Drug Policy Reform: Have We Won Yet?

Last month more than 1,000 drug policy reformers gathered in Denver, Colorado, to count their victories.

Activists from Washington and Colorado celebrated the passage of the first marijuana regulatory systems in the world. Public health experts from New Zealand shared a bold new approach to legal highs that is poised to curb the explosion of designer drugs appearing on the market. And a number of public officials described the effects of pioneering programs like safe consumption facilities, peer-based naloxone distribution, and alternatives to incarceration for minor drug offenses.

The victories celebrated in Denver are historic and the key to these successes have been the movement’s rich diversity. Groups who support drug policy reform range from students to scholars, from parents to police, from religious leaders to rap artists.

All of these voices were represented in Denver.

Please watch highlights from the 2013 International Drug Policy Reform Conference prepared by the HCLU’s Drugreporter film team and share with your networks.

We need you to communicate with your networks to help us advance better drug policies. The conference in Denver showed us how far we’ve come. But there’s still a long way to go before we can truly claim the drug war is over.

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i support drug policy reform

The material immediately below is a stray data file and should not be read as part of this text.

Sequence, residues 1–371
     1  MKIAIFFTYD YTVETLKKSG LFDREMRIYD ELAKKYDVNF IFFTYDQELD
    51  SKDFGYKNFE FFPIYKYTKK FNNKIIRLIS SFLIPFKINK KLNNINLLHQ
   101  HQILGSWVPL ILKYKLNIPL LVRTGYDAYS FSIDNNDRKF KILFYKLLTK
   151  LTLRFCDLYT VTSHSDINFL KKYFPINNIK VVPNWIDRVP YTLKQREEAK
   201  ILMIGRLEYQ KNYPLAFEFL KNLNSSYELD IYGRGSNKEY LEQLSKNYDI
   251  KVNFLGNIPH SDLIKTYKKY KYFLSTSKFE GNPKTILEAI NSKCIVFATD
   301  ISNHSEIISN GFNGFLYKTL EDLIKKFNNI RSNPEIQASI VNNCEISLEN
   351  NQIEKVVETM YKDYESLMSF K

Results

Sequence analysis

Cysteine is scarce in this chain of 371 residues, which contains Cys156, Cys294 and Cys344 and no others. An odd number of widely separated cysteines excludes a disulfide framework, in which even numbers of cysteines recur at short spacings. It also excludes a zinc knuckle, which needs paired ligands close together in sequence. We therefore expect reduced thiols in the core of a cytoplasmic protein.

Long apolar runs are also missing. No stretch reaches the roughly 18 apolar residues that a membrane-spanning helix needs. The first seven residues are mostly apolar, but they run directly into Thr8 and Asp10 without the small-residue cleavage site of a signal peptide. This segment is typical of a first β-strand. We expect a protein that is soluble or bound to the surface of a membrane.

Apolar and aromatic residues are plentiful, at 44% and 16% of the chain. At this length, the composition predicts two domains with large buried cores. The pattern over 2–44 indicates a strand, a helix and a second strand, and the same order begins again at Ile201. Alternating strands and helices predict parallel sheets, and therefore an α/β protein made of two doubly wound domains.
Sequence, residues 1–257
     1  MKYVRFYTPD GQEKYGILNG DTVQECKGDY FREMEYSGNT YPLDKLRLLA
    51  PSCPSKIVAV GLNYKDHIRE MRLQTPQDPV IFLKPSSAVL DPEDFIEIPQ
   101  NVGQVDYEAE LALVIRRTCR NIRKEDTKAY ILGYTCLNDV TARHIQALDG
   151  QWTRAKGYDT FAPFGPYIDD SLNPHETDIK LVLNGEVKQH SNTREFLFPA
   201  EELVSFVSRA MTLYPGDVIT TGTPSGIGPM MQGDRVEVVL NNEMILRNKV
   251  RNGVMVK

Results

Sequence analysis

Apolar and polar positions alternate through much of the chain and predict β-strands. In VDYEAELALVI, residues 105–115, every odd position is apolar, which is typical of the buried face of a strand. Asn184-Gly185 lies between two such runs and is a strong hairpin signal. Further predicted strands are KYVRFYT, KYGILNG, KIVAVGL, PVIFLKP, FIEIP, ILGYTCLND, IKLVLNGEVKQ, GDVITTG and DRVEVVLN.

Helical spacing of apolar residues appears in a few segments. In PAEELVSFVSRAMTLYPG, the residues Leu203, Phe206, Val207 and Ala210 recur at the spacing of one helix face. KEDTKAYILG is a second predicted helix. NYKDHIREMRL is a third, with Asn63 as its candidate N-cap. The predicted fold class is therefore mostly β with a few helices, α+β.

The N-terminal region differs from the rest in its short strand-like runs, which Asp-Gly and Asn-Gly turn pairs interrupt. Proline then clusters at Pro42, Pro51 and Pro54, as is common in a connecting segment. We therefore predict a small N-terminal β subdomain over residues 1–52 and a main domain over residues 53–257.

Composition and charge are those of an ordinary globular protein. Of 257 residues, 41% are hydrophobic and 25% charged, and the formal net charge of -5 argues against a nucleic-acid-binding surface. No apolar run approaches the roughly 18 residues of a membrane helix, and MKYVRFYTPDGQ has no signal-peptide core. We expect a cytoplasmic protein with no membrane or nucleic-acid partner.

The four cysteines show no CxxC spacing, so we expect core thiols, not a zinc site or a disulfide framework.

the destruction that the moralists have reined upon society is staggering, them along with self serving law enforcement, drug and beer companies, prisons, lawyers, drug testing businesses, the list goes on. these groups are the real terrorists. actually, throw in the bankers, politicians..
god, no wonder we need drugs.

Drug taking and selling should be decriminalised; it is the only way to stop the rampant crime associated with drug dealing and taking; all governments need to realise that criminalise this behaviour just drives it underground and leads to all the terrible things that get done; look what happened when the criminalised alcohol selling and drinking in the USA? They don't appear to have learnt anything from that experiment; let them be sold legally, the government can then collect taxes from their sale which can then be put into rehabilitation services. It's a no brainer.

Thanks Jennifer! I couldn't agree more. Even countries that haven't decriminalized all drugs and have taken a more public health model instead (such as Switzerland) have had way better results than harshly criminalized environments like the US. But regulatory/taxation models are gaining steam! Hopefully some other models for harder drugs, like the Swiss, will attract some scrutiny as well.

Our organization, the Mississippi Immigrants Rights Alliance (MIRA) held our 7th Annual Unity Conference on November: "Crimmigration: the Tragic Consequences of US Drug Policies on Families and Youth." The conference featured Javier Sicilia who is leading the Movement for Peace with Dignity and Justice in Mexico and Michelle Alexander, author of the New Jim Crow, Mass Incarceration in the Age of Colorblindness. This is an effort to connect the struggles in the US, Mexico and Central America against the so-called war on drugs and create an understanding in both countries of its devastating effects and engage in unified action. It was held in Jackson, Mississippi and attracted some 250 participants.

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